Principles of Linguistics (3)
Introduction to linguistics and its areas of inquiry, such as sociolinguistics, syntax, semantics, phonetics, phonology, and morphology. Techniques of linguistic analysis and their applications to various languages.
Applied Linguistics (3)
A survey of the applications of linguistics in various areas: the
media, advertising, language acquisition, and English as a second
language. Other topics include analysis of spoken discourse, language
planning, and standardization.
Language, Class, and Culture (3)
A nontechnical study of social and geographical language differences,
how men's and women's speech differs, standard versus nonstandard
dialects, formal and informal speech styles, bilingualism, pidgin, and
Linguistics and the Urban Environment (3)
This course will introduce students to the field of linguistics (the science of
language), and in particular, grammar and sociolinguistics (which studies the
ways in which language serves to define and maintain group identity and social
relationships among speakers). We will learn about: descriptive vs.
prescriptive views of language; standard vs. nonstandard dialects; language
and ethnicity; language and social context (including formal and informal
speech styles); language attitudes. An important component of the course
will be for Rutgers students to teach the basic concepts of sociolinguistics to
youth in Camden, so that they will learn about the social functions fulfilled
by their own complex speech patterns.
Introduction to Language (3)
overview of basic grammatical concepts and general interest questions
relating to language, such as dialects, how ordinary conversation
works, the origins of language, and more.
Linguistics and Literature (3)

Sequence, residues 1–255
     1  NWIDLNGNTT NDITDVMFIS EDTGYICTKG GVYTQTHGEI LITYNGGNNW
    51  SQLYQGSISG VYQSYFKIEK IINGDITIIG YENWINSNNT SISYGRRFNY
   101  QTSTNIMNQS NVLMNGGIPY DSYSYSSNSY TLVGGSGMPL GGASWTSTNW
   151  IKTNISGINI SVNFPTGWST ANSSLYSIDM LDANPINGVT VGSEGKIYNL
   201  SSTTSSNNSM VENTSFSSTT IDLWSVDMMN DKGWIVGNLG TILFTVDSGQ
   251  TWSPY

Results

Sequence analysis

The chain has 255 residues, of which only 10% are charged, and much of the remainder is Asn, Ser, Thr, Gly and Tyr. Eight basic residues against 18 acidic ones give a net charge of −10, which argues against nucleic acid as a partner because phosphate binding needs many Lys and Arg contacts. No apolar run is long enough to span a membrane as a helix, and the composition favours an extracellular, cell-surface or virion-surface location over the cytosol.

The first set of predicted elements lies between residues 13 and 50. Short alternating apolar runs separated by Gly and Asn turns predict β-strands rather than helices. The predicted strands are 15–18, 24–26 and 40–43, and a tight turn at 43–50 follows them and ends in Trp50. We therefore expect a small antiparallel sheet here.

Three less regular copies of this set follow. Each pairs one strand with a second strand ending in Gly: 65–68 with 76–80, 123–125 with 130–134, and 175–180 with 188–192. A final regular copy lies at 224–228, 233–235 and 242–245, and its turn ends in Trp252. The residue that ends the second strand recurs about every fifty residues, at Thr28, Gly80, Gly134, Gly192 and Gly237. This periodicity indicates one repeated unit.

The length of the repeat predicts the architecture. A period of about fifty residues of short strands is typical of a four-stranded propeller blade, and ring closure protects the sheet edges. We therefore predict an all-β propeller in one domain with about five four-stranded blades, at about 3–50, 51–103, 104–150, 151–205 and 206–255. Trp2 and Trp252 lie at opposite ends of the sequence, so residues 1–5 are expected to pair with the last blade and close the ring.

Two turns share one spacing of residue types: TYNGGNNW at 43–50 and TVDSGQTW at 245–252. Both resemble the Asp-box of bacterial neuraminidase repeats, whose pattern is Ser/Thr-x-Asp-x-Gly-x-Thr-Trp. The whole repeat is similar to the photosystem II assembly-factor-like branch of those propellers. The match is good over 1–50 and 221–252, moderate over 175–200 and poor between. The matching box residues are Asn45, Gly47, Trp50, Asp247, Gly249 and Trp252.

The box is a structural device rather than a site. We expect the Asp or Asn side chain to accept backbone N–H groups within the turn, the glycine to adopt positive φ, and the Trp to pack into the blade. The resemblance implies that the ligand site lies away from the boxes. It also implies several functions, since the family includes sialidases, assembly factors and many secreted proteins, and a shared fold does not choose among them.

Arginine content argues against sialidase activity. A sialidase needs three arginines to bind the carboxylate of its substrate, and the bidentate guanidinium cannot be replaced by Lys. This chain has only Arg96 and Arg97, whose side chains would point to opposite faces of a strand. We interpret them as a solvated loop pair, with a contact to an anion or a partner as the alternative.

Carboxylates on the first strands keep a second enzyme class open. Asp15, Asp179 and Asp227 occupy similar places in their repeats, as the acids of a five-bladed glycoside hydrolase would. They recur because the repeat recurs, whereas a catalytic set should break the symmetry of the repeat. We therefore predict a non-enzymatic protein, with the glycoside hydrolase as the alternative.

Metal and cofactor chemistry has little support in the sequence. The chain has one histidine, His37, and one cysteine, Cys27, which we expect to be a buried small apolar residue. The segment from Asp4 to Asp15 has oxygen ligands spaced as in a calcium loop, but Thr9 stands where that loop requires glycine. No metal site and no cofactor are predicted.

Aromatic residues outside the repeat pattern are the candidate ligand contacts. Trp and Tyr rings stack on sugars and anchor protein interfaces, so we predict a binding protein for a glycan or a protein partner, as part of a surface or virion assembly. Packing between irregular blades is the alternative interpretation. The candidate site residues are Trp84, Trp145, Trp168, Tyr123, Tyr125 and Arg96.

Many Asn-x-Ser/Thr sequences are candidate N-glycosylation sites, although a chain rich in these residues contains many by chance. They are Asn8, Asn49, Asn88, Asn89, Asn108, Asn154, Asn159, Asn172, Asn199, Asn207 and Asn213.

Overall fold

Application of concepts of linguistic analysis to the interpretation of literary texts. Topics include metaphor, speech acts, politeness, inference, point of view, and speech/thought presentation.
Modern American Grammar (3)
A linguistic approach to English grammar. Theoretical and practical implications of English phonology, morphology, and syntax.
Language, Power, and Politics (3)
Examination of a range of political issues concerning language, including language attitudes (discrimination, "authority," and "correctness" in language), dialects/standard language ideology, political speech, language policy in the United States, advertising, gender, politically correct language, and ecolinguistics.
History of the English Language (3)
A linguistic study of the English language at various periods of its history, the process of change from one period to another, and the relationship of English to other languages.
Ancient Egyptian Hieroglyphs (3)
This is a comprehensive introduction
to the language and culture of the Ancient Egyptian writing of the Middle
Kingdom (and afterwards) known as the Early Middle or Classical Egyptian. No
previous knowledge of grammatical terms is assumed. The material studied in
class provides the students with sufficient vocabulary and grammar to read
original Egyptian documents written in hieroglyphs.
Special Studies in Linguistics (3)
A course in a specially selected topic.
Primarily, but not exclusively, for advanced students. Courses with different topics may be repeated for credit.
Independent Study in Linguistics (BA,BA)
An opportunity for advanced students to work individually with an instructor on a self-determined course of study. The project culminates in a substantial paper.
Prerequisite: 50:615:201 or permission of instructor.